Convicted on felony bribery charges in late October, and now sentenced to a probationary sentence, State Representative Vanessa Lowery Brown has still not resigned from her seat in the Pennsylvania House of Representatives.
Will Vanessa Lowery Brown ever resign?
One of six targets of a controversial bribery sting conducted by state authorities in 2010, Brown was convicted of multiple felony charges just six days before the 2018 midterm elections. Running unopposed, and with the news coming too late for her name to be removed from the ballot, voters in Pennsylvania’s 190th district had little choice but to return the disgraced Democrat to Harrisburg.
Since her reelection Brown has been vague about her plans to officially relinquish her position. Thanks to her bribery conviction she is prevented by the Pennsylvania Constitution from resuming her seat, but there is no technical mechanism to force her out until the legislature resumes its work in the new year.
Speaking on Philadelphia’s KYW radio, Pennsylvania constitutional law expert Bruce Ledewitz said Brown must eventually bow to the inevitable. “A conviction of a count of bribery is an automatic disqualification from any public office, but specifically from the General Assembly,” he said.
Despite the clear-cut wording of the law, Team Brown continues to operate as normal. As of Monday her staff were still working in her local district office, still answering the phones and identifying Brown as a state representative.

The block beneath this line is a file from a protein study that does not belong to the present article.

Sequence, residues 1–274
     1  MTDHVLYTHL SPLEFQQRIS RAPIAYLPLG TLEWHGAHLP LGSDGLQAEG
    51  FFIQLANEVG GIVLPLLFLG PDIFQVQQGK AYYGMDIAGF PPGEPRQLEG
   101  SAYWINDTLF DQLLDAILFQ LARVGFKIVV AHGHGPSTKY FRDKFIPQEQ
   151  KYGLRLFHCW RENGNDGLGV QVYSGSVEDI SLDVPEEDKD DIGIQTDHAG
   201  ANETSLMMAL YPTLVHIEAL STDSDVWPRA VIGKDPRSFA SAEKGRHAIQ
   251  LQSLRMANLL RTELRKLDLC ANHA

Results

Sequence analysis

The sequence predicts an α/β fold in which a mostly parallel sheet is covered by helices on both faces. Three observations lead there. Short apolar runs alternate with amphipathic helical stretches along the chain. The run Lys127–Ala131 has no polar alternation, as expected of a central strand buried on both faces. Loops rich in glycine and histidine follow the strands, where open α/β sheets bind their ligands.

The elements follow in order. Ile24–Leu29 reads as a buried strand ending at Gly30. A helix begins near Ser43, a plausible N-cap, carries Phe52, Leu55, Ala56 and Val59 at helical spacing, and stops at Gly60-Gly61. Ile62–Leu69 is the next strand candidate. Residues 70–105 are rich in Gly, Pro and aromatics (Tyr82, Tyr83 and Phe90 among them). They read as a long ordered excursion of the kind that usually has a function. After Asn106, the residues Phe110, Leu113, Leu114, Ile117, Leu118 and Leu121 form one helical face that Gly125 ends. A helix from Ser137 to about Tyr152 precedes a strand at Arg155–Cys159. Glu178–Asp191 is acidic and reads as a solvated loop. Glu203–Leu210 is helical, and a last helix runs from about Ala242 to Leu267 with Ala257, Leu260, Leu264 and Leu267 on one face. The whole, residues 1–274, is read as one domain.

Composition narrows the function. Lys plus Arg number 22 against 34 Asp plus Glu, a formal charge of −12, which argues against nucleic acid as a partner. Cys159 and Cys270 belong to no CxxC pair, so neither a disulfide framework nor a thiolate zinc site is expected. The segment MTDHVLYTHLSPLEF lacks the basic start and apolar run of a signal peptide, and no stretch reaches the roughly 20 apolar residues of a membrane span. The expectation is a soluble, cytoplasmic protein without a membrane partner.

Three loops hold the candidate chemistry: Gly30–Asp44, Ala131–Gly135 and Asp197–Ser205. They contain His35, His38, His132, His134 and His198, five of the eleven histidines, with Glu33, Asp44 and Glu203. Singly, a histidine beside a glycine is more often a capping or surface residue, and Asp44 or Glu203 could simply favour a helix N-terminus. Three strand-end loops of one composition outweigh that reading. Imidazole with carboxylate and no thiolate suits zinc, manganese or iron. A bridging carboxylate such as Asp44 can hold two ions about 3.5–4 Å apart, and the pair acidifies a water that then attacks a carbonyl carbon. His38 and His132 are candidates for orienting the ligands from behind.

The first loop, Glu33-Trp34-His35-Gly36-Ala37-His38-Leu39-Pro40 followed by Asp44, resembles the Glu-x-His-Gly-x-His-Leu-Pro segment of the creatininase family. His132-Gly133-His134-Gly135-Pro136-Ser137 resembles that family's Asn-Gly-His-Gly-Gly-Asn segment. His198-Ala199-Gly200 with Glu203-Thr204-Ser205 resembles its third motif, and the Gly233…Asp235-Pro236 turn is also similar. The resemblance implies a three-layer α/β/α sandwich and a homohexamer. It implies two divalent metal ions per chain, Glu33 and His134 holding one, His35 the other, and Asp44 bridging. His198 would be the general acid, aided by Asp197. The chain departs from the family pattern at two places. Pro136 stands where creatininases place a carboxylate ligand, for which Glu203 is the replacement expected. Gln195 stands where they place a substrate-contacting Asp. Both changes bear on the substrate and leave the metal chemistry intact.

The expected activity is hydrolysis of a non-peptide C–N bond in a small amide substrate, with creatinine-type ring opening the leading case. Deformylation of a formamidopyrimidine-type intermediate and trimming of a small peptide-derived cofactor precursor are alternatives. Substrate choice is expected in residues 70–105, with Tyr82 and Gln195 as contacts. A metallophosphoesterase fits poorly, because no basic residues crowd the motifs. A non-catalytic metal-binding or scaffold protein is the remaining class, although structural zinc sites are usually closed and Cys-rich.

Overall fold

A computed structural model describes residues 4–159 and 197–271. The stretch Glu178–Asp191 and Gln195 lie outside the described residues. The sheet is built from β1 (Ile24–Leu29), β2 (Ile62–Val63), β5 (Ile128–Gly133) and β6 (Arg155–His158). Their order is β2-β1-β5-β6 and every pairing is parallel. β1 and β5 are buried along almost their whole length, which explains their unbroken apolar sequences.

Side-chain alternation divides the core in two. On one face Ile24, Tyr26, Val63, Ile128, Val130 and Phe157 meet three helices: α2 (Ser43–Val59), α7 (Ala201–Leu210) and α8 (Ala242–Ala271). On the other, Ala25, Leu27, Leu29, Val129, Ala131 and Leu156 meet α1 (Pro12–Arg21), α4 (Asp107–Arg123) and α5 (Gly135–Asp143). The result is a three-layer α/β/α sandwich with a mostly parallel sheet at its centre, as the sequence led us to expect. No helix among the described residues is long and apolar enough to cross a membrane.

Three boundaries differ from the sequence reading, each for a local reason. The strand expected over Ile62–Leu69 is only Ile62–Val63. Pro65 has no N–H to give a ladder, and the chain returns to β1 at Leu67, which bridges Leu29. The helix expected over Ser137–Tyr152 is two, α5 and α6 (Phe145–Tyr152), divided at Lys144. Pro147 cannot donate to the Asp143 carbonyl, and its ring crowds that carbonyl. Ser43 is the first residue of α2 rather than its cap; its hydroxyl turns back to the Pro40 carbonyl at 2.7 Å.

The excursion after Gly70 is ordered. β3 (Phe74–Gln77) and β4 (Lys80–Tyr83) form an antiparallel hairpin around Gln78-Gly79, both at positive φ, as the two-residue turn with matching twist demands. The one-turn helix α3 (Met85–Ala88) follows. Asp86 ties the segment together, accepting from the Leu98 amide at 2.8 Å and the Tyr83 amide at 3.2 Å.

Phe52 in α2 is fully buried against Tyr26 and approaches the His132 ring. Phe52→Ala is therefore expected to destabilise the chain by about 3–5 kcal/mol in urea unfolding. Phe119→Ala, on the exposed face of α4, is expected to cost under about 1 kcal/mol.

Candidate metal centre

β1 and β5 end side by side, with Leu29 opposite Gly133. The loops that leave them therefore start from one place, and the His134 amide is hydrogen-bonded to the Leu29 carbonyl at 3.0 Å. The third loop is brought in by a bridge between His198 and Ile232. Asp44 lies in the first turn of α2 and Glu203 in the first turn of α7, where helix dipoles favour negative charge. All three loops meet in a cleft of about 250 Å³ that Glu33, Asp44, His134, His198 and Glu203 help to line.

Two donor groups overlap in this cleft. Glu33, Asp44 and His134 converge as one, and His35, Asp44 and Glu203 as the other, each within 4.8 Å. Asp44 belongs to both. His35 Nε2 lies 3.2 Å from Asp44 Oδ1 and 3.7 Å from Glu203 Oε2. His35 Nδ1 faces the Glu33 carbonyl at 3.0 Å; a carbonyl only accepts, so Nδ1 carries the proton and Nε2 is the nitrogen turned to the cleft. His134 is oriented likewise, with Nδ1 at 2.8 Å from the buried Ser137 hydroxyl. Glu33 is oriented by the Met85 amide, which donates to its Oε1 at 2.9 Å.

According to House chief clerk Dave Reddecliff, Brown has stopped receiving her $7,000 monthly salary, and she will soon lose her taxpayer paid pension and healthcare benefits.
Vanessa Lowery Brown: “We’ve got to celebrate”
While the conviction has destroyed much of her life, the fact that last week Brown was sentenced to 23 months probation instead of a custodial sentence is seen as a reason to celebrate by many of her supporters.
In a recent column, Philadelphia journalist Jenice Armstrong recounts the confused reaction she had when she was invited by text to an “appreciation” event by Brown to celebrate escaping jail time.
“I was scratching my head over it all when my cell rang,” Armstrong wrote. “It was Brown, who explained, ‘My friends said, “We’ve got to celebrate.” … It’s just going to be an all-night celebration.’
“I’m just very grateful I was able to get probation,” Brown continued. “I still have some things to work on. It’s not over yet. My legal team hasn’t given up on me, and they’re deciding what the next course of action would be for me.”
According to Armstrong, Brown has stopped referring to herself as a state representative, even though she continues to get phone calls from constituents asking for her help. She also says she has no plans to show up for the swearing in ceremony in Harrisburg on January 1st.
That may be for the best. Officials from the Republican House majority have said they will try to block Brown from taking her seat if she does try to claim it. Leaders from her own caucus have indicated they will not object if they do.